The Statue Man

Sister and I pose in front of The Statue Man

“He doesn’t blink. He doesn’t smile. He doesn’t move. He is as stationary as a statue,” observed Father, when I asked him about the ‘statue man’. We were at VGP Golden Beach, Chennai’s first amusement park. I was 7.

The Statue Man stood on a dais all day long. With his bloodshot eyes, handlebar mustache, expressionless face, and loud clothes, he looked like a warrior to me. But for a lot of mischievous boys, The Statue Man was a clown. They would be rewarded if they bring an emotion to his face. He was bullied, insulted. They called him names. However, The Statue Man stood there as though he was blind and deaf. He stood there as though only his body was there and his mind had travelled miles away from him.

Father explained more about The Statue Man and how nobody could break his determination. He threw another quick glance at him before moving to the next exhibit. But Sister and I took a minute more. We looked at the boys who basked in hurling insults at him. We looked at The Statue Man who seemed impervious to all the hatred. While we were too young to meditate on the The Statue Man’s predicament, everything about that moment seemed wrong.

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20140102_165232-1I carry myriad memories from that day. I remember riding a boat. I saw Sister riding a giant wheel and thought she was the bravest. I saw Father buying the Maharaja Dosa for us and reckoned he was the kindest. I saw Mother motivating me to go on more rides and becoming a wee bit crestfallen when I succumbed to my irrational fears. I lost my tooth while hogging the Maharaja Dosa and sulked at my inability to give a decent burial to my dear tooth. I remember bright smiles. Boisterous laughter. Terror married with excitement. And a dusk that seemed the longest.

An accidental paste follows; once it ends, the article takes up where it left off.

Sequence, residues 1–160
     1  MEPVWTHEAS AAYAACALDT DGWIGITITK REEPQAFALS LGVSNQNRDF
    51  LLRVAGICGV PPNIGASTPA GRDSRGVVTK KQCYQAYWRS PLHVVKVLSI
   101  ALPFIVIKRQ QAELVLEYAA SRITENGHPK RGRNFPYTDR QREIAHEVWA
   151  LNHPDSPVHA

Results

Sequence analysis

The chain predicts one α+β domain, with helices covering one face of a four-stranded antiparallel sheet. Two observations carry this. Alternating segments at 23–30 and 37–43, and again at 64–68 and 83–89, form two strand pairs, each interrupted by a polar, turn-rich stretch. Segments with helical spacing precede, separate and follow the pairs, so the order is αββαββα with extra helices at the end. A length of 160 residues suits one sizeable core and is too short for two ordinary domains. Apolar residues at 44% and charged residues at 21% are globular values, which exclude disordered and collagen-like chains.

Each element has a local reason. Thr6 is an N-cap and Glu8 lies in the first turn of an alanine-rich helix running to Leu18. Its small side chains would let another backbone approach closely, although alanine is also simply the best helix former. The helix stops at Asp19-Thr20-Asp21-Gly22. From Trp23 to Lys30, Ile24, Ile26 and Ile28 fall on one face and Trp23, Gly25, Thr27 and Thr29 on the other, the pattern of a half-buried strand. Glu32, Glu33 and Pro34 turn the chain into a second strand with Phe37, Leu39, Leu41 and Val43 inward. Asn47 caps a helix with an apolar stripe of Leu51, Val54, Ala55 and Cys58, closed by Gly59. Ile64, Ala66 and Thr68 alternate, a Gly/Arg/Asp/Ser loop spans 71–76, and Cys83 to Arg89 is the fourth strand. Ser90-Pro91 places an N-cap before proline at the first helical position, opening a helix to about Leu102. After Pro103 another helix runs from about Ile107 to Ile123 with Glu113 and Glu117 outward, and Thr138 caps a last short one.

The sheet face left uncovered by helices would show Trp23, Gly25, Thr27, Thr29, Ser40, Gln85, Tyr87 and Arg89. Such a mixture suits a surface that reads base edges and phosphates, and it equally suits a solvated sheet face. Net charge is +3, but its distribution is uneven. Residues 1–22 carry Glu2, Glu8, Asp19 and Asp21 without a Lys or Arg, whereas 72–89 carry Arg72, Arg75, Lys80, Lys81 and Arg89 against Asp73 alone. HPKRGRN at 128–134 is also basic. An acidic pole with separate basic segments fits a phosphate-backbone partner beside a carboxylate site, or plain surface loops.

22 years after that day, I remember The Statue Man. I wonder if his slumber was filled with nightmares. Did the boys laugh at him in his dreams? Did they throw stones at him? Did his knees wail in pain? Did he curse his employer? Or did he smile in his dreams? At least, in his dreams?

“Childhood memories are sometimes covered and obscured beneath the things that come later, like childhood toys forgotten at the bottom of a crammed adult closet, but they are never lost for good.”

— The Ocean at the End of the Lane by Neil Gaiman


12 thoughts on “The Statue Man

  1. Your memories are so dear. I liked Gaiman’s quote which you used in your blog.

    As a child we are often more sensitive to things around us, to things we see for the first time. The Statue Man is such a beautiful example of that. Adults would just see that, and know it for what it was, perhaps having pondered on it in years past; yet you, as a child could see how he elicited such unkind treatment from others…a man who really had no reason for their cruelty. You were still forming your thoughts and opinions about the world. (I remember visiting my Nana on the east coast when I was five. We passed through a street fair on the way to a shop that my Nana wanted to visit. There was a Punch and Judy show in mid-performance and out hosts stopped, thinking that this would be a treat for me. I was horrified at the loud voices, and the hitting with big sticks that went on between Punch and Judy. I knew that I should not ask to leave, but remember feeling very relieved when we finally departed,)

    Such a lovely day to reflect upon! A family outing, with bravery demonstrated by your sister, dosa to eat, and a lost tooth for you.

    “And the dusk that seemed the longest.” So evocative as normally for small children dusk is equated to the bedtime routine. When that changes it is a delight to stay up and be out during that magical time of light fading to dark.

    You inspired me to write down some of my childhood memories. When I tell my kids those stories it is eye-rolling time as they have heard the stories again and again. But perhaps someday they will be interesting to my grandchildren!

    Liked by 2 people

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